Biography of Eduardo Paolozzi
The pioneering graphic designer, artist and sculptor rose from humble beginnings to become one of the world’s most influential and cherished artists. His collage work which incorporated technology and surrealism, made him into one of the earliest protagonists of Pop Art. His collage of 1947, I was a Rich Man's Plaything, is considered one of the earliest standard bearers for Pop Art, and was the first artwork to display the word “Pop”.
Born in 1924 in Edinburgh to Italian parents, he was detained during the Second World War after Italy declared war on the United Kingdom—his father and grandfather died during the conflict. Fascinated as a young man by American culture, he kept clippings from American magazines and enrolled at the Edinburgh College of Art with the dream of becoming a commercial artist. He then transferred to St. Martin’s School of Art in 1944 before finally enrolling at the Slade School of Fine Art.
Incorporating light and dark elements into his work, he was fascinated by the notion of society’s influence on man and the ambiguous idea of advancement and progress. After finishing his studies, he moved to Paris and immersed himself in French art, and became highly influenced by Alberto Giacometti and Jean Dubuffet. By the 1960s Eduardo Paolozzi began incorporating modern machinery into his art, and began producing brutal and unsettling abstract sculptures, presenting man as a component, a part of some vast alienating machine. These biomorphic figures were representative of a global inner anguish, and appeared deconstructed, in a manner reminiscent of cubism.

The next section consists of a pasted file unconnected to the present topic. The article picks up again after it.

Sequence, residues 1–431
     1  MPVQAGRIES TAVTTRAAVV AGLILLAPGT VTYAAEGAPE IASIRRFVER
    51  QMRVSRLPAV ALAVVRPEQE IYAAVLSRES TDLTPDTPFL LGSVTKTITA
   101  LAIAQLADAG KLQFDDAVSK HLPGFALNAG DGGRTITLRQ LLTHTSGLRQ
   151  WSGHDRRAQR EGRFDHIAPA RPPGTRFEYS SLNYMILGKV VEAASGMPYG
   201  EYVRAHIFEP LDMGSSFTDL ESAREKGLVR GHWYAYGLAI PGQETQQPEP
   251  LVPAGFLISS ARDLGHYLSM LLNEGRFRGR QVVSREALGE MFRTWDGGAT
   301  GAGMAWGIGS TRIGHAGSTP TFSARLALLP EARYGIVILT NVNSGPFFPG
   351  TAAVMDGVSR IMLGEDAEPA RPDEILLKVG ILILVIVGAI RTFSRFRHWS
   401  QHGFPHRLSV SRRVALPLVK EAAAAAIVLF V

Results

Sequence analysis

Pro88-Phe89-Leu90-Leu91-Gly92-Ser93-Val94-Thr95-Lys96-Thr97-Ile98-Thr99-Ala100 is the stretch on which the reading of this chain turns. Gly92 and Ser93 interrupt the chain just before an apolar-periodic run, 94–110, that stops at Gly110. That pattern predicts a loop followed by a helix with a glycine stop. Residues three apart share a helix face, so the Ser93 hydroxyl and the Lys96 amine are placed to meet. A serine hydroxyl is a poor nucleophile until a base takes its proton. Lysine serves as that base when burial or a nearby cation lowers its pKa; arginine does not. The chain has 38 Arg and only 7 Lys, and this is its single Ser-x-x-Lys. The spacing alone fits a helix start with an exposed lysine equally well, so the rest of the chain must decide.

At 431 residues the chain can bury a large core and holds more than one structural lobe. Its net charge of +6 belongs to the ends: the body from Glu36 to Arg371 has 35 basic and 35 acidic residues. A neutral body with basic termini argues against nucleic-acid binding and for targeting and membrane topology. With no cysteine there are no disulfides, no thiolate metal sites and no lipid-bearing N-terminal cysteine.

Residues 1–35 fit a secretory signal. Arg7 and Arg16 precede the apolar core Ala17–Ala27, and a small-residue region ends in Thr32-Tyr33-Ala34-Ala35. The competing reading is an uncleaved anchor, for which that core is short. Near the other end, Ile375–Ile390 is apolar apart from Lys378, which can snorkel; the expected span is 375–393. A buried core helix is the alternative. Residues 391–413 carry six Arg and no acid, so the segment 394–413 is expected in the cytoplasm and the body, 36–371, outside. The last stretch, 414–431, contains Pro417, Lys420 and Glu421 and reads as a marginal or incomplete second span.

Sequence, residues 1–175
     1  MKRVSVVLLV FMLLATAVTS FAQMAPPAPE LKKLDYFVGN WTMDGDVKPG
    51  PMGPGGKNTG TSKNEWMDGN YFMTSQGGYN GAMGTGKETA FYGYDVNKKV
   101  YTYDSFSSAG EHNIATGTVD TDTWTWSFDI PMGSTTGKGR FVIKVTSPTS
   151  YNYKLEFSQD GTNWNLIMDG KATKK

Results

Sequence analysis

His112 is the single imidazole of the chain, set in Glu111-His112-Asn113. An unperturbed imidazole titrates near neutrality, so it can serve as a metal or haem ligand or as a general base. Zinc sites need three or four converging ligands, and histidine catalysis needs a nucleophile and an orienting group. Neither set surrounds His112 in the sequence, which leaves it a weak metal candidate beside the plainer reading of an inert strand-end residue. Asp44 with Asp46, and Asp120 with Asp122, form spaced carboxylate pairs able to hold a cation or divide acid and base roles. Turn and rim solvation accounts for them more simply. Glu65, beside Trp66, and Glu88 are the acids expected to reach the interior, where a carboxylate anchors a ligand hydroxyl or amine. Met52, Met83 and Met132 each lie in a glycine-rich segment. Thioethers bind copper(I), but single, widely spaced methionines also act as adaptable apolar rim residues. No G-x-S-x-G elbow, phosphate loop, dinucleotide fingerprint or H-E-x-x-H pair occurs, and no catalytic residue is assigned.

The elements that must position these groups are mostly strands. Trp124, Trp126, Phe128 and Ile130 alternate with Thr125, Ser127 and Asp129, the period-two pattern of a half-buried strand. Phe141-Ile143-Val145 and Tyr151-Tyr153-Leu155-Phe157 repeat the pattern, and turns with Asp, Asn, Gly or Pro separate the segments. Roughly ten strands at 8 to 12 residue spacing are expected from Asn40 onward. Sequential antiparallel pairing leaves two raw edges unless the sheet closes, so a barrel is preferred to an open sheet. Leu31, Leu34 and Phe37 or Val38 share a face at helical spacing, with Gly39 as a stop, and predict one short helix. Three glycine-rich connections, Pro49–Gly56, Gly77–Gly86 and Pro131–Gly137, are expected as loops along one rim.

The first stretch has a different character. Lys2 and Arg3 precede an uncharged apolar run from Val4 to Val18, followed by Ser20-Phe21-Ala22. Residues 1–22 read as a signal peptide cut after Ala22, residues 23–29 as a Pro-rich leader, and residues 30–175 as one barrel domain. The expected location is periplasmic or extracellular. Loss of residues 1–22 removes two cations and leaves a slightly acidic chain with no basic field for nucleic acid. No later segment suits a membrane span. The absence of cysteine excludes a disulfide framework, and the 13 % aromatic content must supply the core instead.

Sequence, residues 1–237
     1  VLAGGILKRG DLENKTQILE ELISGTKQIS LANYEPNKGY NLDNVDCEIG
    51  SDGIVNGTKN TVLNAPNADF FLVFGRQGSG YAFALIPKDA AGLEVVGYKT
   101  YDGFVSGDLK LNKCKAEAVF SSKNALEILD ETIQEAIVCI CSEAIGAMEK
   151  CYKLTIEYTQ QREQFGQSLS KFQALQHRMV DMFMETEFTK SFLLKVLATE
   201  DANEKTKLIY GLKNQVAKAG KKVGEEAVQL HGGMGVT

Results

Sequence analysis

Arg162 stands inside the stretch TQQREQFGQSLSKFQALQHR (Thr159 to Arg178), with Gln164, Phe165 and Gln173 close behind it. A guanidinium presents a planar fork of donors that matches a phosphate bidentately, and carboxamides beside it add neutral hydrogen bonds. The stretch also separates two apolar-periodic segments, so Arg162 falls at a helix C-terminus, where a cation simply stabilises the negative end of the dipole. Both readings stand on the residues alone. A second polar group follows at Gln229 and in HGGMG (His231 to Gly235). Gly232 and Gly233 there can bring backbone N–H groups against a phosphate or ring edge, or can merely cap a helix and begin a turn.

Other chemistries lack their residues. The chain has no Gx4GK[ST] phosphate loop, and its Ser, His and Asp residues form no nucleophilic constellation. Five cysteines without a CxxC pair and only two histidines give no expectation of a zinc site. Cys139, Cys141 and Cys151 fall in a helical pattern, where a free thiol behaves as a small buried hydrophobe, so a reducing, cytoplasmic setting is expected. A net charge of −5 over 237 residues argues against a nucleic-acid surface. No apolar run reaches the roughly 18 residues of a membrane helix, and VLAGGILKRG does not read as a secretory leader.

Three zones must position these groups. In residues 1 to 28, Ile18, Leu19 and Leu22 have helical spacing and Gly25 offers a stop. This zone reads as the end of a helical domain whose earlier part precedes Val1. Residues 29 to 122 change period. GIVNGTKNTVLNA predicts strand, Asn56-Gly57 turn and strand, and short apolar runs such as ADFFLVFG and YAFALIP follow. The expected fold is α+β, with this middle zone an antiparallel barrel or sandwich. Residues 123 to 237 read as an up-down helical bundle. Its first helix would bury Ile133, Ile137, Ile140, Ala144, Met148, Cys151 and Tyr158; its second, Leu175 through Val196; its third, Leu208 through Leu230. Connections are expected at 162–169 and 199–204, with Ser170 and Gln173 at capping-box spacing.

In the 1960s his silkscreen works became hugely influential, many of which dealt with complicated themes such as the work of philosopher Ludwig Wittgenstein. He was a highly-regarded sculpture and ceramics teacher and taught at the Hochschule für bildende Künste Hamburg, the University of California as well as the Royal College of Art.
His famous mosaic in Tottenham Court Road tube station has recently been partly removed and donated to the University of Edinburgh. His bronze sculpture Newton after Blake, 1995, stands outside the piazza of the British library in London. Pallant House Gallery in England in 2013 held a major retrospective “Eduardo Paolozzi: Collaging Culture”, featuring more than 100 of the artist’s works, including sculpture, film, ceramics and drawings.
His works can be found in the collections of the Tate, London, the Nationalgalerie in Berlin as well as MoMA in New York. He was honored with a Knighthood in 1989 after being given the role of Her Majesty’s Sculptor in Ordinary for Scotland. He participated in the British Pavilion at the Venice Biennale in 1952, 1954, 1960, 1964, 1968, and was a mainstay at documenta between the years of 1959, 1964, 1968, 1977. He died in London in 2005 having suffered a stroke in 2001.